# [seqfan] Re: nth divisor of a number

Charles Greathouse charles.greathouse at case.edu
Fri Mar 30 21:37:09 CEST 2012

> Why is it clearly enough?

For n to be the 5th-smallest divisor of the number, it must divide the
number.  This happens with probability 1/n, so n is the 5th-smallest
divisor with probability < 1/12 for n > 12.

Charles Greathouse
Analyst/Programmer
Case Western Reserve University

On Fri, Mar 30, 2012 at 3:09 PM,  <israel at math.ubc.ca> wrote:
> Why is it clearly enough?
>
>
> Robert Israel
> University of British Columbia
>
> On Mar 30 2012, Charles Greathouse wrote:
>
>> No, wait, it's clearly enough to check up to 12.   In that case since
>> 11 happens only 16/1155 of the time we're done -- 6 is the most
>> common.
>>
>> Charles Greathouse
>> Analyst/Programmer
>> Case Western Reserve University
>>
>> On Fri, Mar 30, 2012 at 3:05 AM, Charles Greathouse
>> <charles.greathouse at case.edu> wrote:
>>>
>>> Right -- I was composing an email as I received yours detailing that
>>> process.  Basically, the counts near 10^8 are higher because of the
>>> number of times that there are not enough divisors or too-large
>>> divisors.
>>>
>>> 6 will occur 1/12 of the time.
>>>
>>> 5 happens 1/60 of the time.
>>>
>>> 7 happens 1/70 of the time.
>>>
>>> 8 happens 1/42 of the time.
>>>
>>> 9 happens 13/630.
>>>
>>> 10 happens 2/105.
>>>
>>> 1, 2, 3, 4, 12, 18, 20, ... never happen.
>>>
>>> I did these by hand, but a computer could do them faster I'm sure.  In
>>> any case the numbers are too small to give a definitive proof that 6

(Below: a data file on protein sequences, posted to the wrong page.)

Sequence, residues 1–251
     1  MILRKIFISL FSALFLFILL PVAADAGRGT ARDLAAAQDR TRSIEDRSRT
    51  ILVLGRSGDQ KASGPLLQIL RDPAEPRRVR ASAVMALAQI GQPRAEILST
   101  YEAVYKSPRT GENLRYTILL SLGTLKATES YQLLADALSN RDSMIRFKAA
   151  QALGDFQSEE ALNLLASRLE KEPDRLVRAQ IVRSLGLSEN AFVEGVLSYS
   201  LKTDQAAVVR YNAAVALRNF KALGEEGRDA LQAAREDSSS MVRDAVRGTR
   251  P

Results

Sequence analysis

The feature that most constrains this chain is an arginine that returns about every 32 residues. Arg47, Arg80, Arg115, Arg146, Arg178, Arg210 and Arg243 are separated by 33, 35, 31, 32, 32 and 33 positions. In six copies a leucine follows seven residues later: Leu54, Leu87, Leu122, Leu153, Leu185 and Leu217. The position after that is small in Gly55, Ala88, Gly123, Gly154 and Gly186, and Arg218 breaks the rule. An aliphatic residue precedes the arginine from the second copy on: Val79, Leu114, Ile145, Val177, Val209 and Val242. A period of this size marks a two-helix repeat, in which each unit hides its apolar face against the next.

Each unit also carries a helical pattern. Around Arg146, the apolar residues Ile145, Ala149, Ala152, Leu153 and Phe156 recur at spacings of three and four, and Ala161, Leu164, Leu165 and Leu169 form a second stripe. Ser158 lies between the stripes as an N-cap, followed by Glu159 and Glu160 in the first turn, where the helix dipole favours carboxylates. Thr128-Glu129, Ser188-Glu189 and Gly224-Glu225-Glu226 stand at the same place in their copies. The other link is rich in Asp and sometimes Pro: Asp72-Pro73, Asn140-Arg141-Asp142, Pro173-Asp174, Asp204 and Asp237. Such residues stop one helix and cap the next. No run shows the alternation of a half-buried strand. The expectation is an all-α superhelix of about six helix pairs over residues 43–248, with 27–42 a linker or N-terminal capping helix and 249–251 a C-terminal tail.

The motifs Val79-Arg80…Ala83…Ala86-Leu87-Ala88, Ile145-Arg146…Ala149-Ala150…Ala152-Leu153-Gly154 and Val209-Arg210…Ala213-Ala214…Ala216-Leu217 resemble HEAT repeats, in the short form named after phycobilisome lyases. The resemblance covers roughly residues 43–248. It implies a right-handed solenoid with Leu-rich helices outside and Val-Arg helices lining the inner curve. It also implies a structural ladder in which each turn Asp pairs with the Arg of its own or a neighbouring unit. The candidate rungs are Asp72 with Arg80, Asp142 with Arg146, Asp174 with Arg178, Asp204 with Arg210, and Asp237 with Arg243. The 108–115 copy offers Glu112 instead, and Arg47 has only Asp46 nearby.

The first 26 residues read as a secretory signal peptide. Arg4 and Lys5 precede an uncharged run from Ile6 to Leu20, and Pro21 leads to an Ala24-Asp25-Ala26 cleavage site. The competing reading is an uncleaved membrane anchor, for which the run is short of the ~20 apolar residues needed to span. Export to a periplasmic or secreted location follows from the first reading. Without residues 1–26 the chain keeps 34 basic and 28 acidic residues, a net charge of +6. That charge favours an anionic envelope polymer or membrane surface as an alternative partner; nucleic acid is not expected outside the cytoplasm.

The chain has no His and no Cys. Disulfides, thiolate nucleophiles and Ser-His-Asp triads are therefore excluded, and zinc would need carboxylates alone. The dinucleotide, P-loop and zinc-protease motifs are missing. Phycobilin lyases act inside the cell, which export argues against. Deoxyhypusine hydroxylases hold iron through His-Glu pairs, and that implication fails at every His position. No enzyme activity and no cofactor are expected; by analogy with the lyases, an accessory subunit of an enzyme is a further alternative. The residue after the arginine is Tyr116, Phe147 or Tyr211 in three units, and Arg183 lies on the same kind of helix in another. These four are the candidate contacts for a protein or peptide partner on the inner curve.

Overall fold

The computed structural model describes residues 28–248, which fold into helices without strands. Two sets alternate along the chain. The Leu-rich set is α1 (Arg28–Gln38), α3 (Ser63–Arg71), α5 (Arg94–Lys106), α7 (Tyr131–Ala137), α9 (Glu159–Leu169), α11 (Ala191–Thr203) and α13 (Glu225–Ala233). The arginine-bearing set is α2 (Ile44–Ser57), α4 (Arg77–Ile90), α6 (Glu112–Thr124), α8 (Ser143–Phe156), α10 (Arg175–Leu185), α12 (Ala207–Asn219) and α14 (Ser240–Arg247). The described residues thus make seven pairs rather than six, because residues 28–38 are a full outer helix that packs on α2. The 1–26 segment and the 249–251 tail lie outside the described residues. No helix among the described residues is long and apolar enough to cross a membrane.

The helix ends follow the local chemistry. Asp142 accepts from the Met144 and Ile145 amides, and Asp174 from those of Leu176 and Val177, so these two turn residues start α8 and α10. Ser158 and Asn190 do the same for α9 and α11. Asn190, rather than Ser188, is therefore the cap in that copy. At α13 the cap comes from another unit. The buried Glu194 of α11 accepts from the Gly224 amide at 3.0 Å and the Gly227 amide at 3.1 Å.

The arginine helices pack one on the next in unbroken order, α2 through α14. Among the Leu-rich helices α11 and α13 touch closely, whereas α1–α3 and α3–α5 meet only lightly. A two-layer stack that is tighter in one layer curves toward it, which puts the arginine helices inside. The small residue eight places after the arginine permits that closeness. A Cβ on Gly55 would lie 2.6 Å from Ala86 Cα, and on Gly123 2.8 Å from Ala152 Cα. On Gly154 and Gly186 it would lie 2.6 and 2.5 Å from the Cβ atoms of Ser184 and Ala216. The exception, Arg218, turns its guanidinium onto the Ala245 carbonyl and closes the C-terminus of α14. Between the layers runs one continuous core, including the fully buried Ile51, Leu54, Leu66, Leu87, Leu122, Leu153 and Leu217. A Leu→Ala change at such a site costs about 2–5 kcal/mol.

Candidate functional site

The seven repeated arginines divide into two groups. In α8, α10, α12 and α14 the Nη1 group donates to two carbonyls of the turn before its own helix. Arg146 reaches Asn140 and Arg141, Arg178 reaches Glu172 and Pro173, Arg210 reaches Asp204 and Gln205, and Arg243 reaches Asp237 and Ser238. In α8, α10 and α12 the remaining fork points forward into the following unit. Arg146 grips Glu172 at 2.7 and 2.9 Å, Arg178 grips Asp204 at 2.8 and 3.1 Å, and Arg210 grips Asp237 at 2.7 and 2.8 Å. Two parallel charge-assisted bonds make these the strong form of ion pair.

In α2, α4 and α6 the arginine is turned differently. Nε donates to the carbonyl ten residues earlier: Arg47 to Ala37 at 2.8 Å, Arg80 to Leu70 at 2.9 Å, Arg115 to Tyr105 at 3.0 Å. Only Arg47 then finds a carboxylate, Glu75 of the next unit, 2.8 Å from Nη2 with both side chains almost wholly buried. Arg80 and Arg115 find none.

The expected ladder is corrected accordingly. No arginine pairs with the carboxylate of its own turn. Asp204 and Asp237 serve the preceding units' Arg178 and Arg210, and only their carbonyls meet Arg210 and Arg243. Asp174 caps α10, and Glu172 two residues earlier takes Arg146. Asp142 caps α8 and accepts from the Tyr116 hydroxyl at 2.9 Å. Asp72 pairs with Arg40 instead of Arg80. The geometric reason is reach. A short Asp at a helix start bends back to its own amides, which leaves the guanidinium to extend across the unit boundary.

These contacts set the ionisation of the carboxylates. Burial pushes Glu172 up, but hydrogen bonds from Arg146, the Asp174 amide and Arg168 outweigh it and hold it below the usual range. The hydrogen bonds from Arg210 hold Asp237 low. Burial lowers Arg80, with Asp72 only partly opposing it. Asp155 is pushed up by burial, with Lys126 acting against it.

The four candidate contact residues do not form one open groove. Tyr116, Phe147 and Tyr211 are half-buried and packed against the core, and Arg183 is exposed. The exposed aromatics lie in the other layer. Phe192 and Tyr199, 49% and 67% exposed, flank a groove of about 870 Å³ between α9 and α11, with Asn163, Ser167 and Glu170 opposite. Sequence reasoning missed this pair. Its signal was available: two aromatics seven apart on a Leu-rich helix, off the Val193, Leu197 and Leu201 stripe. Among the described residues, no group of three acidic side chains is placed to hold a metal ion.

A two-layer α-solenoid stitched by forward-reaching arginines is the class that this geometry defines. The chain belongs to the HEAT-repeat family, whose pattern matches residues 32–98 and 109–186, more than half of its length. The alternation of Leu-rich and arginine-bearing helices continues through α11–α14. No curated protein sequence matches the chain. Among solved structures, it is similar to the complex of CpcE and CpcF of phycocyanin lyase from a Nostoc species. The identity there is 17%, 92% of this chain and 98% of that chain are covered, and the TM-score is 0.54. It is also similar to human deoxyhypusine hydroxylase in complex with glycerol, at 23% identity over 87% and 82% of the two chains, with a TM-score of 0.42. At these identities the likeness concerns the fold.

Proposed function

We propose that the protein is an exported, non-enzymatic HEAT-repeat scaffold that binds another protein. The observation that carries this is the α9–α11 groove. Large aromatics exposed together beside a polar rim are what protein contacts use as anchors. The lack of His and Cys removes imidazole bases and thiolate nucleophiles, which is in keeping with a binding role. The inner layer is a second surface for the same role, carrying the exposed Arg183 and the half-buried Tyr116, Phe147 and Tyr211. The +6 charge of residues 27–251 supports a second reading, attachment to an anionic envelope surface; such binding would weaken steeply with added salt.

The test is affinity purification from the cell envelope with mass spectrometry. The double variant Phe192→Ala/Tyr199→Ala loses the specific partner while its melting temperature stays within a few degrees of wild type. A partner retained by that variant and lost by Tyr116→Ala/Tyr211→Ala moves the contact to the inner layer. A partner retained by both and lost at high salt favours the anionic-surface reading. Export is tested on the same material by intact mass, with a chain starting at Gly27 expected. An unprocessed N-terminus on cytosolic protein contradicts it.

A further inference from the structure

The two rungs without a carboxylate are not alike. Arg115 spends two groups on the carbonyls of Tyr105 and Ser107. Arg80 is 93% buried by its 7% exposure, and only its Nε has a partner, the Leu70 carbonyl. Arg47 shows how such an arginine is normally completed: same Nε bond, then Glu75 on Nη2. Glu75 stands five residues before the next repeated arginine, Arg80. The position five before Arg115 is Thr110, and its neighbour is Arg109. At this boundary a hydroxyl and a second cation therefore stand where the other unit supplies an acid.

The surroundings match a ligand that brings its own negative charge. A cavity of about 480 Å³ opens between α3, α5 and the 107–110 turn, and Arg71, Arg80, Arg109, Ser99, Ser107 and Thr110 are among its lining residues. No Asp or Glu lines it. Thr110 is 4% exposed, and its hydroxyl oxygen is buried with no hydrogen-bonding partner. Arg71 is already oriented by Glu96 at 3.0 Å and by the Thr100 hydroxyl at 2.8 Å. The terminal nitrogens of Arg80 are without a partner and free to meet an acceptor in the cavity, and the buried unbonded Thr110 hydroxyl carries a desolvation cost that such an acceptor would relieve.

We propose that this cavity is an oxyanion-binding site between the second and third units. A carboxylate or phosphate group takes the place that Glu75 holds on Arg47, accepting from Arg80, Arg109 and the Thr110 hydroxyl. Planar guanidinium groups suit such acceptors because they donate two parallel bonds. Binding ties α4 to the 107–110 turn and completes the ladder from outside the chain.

>>> is the most common, but it's pretty clear that it's so.
>>>
>>> Charles Greathouse
>>> Analyst/Programmer
>>> Case Western Reserve University
>>>
>>> On Fri, Mar 30, 2012 at 3:02 AM,  <israel at math.ubc.ca> wrote:
>>>>
>>>> The probability that the first five divisors of a "randomly chosen" n
>>>> are 1,2,3,4,6 (i.e. that $n$ is divisible by 12 but not by 5) is
>>>> (1/12)*(4/5) = 1/15. The probability that the first five divisors are
>>>> 1,2,3,5,6 (i.e. that $n$ is divisible by 30 but not by 4) is 1/60. Those are
>>>> the only ways the fifth divisor can be 6, so the total probability that the
>>>> fifth divisor is 6 is 1/15 + 1/60 = 1/12.
>>>>
>>>> The probability that the first five divisors are 1,2,4,5,8 is
>>>> (1/40)*(2/3)*(6/7) The probability that the first five divisors are
>>>> 1,2,4,7,8 is (1/56)*(2/3)*(4/5) These are the only ways the fifth divisor
>>>> can be 8, so the total probability that the fifth divisor is 8 is 1/42.
>>>>
>>>> Similar calculations could be made for any of the other possibilities
>>>> for the fifth divisor.
>>>>
>>>> Note that "almost every" integer has a fifth divisor, in fact for any N
>>>> the asymptotic density of n with Omega(n)<N is 0.
>>>>
>>>> Robert Israel
>>>> University of British Columbia
>>>>
>>>>
>>>>
>>>> On Mar 29 2012, Maximilian Hasler wrote:
>>>>
>>>>> According to numerical data (which does not seem to
>>>>> vary when I change the interval from [1..1e6] to [1..1e7]),
>>>>>
>>>>> it seems that the 5th divisor is most likely to be 6
>>>>> (in about 20% of the cases, followed by 8 and 16 in 6% of the cases)
>>>>>
>>>>> and the 6th divisor is most likely to be 8 (in 9% of the cases)
>>>>> (closely followed in likelihood by 10, in  ~7.5% of the cases).
>>>>>
>>>>> Maximilian
>>>>>
>>>>> Counts for 5th divisor, per 1000: 0, 0, 0, 0, 42, 211, 36, 60, 52, 48,
>>>>> 35, 0, 29, 27, 34, 60, 20, 0, 18, 0, 19, 15, 15, 0, 19, 11, 7, 0, 12, 0,
>>>>> 11,... (i.e. 1,2,3,4 occur in 0% of the cases, 5 occurs in 4.2% of the
>>>>> cases, etc...)
>>>>>
>>>>> Counts for 6th divisor, per 1000:
>>>>> 0, 0, 0, 0, 0, 49, 35, 91, 51, 77, 19, 51, 14, 55, 10, 12, 16, 44, 12,
>>>>> 31, 12, 28, 9, 0, 10, 22, 11, 20, 7, 0, 6, 28, 10,...
>>>>>
>>>>> These percentages are of course approximate, calculated by neglecting
>>>>> cases where the 5th resp. 6th divisor is > 100.
>>>>>
>>>>> c=vector(100);for(n=1,1e7,5<#(d=divisors(n)) & d[6]<#c & c[d[6]]++)
>>>>> c*1e3\sum(i=1,#c,c[i])
>>>>>
>>>>>
>>>>> On Thu, Mar 29, 2012 at 10:52 PM, Marc LeBrun <mlb at well.com> wrote:
>>>>>>>
>>>>>>>
>>>>>>> ="Alonso Del Arte" <alonso.delarte at gmail.com>
>>>>>>
>>>>>>
>>>>>>
>>>>>> Interesting puzzle!
>>>>>>
>>>>>> My first guess would be the n-th divisor of A061799(n), but...
>>>>>>
>>>>>>
>>>>>>
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